King also wrote that ammunition margins may not improve as much as previously expected, as the year progresses, given ongoing pricing pressures, particularly on .223 caliber rounds. King added, “While future cost-savings may be somewhat limited following significant benefits to-date, FCF (free cash flow) should accelerate due to further working capital improvements through better tooling and ongoing SKU rationalization.”
Roth Capital carries a “neutral” rating on Vista with a 12-month target price of $9.00.
The sale comes as Vista on May 9 reported fourth-quarter profitability was lower than expected as a result of increases to reserves for customer credit risk and product liability litigation. In addition, the Shooting Sports segment experienced temporary production and supply issues.
Jim Chartier, of Monness Crespi Hardt, still upgraded the stock to “buy” on the earnings report on his belief that sales and margins trends “have troughed” and several moves, including SG&A reduction, supply chain improvements, new brand leadership, and a more effective organizational structure, will soon pay off.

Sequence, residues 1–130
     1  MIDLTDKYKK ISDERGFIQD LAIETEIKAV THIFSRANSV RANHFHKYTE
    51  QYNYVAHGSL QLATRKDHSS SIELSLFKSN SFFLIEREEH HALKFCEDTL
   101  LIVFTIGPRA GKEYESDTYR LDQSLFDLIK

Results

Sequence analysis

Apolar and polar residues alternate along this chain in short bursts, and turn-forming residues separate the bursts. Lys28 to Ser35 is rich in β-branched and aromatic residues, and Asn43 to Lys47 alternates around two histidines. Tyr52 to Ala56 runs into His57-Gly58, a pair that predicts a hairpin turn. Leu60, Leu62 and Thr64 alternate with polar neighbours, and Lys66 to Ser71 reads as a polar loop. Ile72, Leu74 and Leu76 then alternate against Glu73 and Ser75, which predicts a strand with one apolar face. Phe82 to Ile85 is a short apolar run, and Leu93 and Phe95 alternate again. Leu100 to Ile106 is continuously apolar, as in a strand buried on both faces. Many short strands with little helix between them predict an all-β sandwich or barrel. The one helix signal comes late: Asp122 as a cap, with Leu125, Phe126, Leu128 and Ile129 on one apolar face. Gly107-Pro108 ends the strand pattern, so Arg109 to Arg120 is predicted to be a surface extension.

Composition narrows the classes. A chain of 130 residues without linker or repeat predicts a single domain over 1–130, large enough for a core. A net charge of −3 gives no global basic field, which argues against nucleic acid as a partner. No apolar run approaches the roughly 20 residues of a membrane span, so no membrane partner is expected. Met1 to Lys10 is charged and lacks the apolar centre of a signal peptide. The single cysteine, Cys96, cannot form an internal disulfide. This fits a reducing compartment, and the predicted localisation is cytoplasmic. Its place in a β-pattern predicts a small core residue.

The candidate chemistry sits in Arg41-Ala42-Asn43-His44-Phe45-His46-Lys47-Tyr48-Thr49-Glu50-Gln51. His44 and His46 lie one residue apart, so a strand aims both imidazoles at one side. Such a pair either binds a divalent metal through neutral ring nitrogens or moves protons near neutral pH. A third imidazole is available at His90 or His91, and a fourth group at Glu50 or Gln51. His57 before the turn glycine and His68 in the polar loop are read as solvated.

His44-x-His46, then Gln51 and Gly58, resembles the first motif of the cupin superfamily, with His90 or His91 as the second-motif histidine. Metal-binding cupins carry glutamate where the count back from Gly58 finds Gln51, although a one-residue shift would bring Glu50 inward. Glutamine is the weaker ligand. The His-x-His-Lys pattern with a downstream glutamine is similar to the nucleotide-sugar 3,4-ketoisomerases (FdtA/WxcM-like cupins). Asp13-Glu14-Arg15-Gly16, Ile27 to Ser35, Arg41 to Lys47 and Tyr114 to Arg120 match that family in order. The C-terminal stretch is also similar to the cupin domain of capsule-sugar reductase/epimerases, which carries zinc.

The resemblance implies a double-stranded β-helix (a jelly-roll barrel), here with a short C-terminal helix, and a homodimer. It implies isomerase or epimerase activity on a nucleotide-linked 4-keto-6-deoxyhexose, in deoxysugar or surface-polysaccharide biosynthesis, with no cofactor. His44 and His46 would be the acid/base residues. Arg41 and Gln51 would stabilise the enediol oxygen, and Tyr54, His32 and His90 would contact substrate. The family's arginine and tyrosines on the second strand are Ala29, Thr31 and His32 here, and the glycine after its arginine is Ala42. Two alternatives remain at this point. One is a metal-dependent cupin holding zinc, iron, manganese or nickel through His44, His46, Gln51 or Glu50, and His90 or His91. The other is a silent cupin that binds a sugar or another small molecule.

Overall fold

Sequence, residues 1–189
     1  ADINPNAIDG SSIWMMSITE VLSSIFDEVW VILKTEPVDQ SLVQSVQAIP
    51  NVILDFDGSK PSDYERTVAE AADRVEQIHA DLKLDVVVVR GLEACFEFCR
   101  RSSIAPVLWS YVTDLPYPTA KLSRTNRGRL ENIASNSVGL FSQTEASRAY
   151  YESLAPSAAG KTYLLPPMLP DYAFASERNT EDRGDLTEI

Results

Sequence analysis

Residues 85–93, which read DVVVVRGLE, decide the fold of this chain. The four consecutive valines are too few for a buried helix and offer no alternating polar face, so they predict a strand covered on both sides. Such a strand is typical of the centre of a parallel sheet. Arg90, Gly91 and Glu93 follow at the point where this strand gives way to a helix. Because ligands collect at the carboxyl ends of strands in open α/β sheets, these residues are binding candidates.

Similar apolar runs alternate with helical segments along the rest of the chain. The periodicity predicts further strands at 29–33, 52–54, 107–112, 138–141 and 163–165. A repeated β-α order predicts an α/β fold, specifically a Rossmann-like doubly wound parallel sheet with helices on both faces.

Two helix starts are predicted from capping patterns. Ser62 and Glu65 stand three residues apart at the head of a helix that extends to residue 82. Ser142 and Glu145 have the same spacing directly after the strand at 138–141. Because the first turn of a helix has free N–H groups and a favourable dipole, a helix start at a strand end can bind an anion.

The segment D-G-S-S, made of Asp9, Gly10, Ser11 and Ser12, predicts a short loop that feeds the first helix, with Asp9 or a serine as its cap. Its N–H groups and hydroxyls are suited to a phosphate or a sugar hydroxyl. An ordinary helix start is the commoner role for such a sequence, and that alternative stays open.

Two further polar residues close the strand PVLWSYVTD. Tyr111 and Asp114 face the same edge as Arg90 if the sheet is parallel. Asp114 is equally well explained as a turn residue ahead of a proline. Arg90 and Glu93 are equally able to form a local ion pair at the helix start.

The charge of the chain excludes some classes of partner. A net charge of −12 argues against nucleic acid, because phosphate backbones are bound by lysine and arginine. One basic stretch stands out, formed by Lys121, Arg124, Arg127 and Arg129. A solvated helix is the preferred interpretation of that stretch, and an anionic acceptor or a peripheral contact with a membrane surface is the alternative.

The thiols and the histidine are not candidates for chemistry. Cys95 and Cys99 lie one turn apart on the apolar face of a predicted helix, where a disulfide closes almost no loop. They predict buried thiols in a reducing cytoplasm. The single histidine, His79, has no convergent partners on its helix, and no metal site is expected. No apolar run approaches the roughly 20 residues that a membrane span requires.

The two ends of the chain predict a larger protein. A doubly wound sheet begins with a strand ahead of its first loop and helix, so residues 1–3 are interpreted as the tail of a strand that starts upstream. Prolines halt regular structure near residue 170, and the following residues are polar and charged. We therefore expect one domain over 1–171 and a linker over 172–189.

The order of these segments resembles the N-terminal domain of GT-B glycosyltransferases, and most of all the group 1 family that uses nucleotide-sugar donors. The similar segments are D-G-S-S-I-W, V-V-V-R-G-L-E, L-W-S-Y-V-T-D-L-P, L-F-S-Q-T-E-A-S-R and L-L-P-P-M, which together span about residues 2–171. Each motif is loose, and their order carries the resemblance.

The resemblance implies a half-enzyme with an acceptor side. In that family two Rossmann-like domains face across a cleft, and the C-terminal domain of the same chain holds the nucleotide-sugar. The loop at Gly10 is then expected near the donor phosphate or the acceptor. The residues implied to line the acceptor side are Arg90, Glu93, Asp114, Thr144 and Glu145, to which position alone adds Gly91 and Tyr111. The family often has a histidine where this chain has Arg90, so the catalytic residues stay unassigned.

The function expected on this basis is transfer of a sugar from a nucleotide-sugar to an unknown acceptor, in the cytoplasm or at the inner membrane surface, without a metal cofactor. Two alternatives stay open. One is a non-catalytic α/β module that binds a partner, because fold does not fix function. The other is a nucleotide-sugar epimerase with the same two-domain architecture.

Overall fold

Wrote Chartier, “The firearms and ammunition industry is now two and a half years into a correction, a cycle that typically lasts twelve to eighteen months. We believe sales and margin trends have troughed for VSTO and additional cost reductions can drive meaningful margin expansion and EBITDA growth over the next two to three years. The company’s actions during FY19 laid the foundation for improved sales and margins, and we expect to see meaningful progress in FY20. We believe the company’s guidance is conservative and expect upside to estimates over the course of the year. We expect the stocks multiple will expand as EBITDA grows, the company pays down debt and leverage approaches 4x by year-end. Our $12 price target is based on 8x our FY21 EBITDA estimate of $170mm, a slight discount to its current valuation on our FY20 forecast.”
Photo courtesy Savage Arms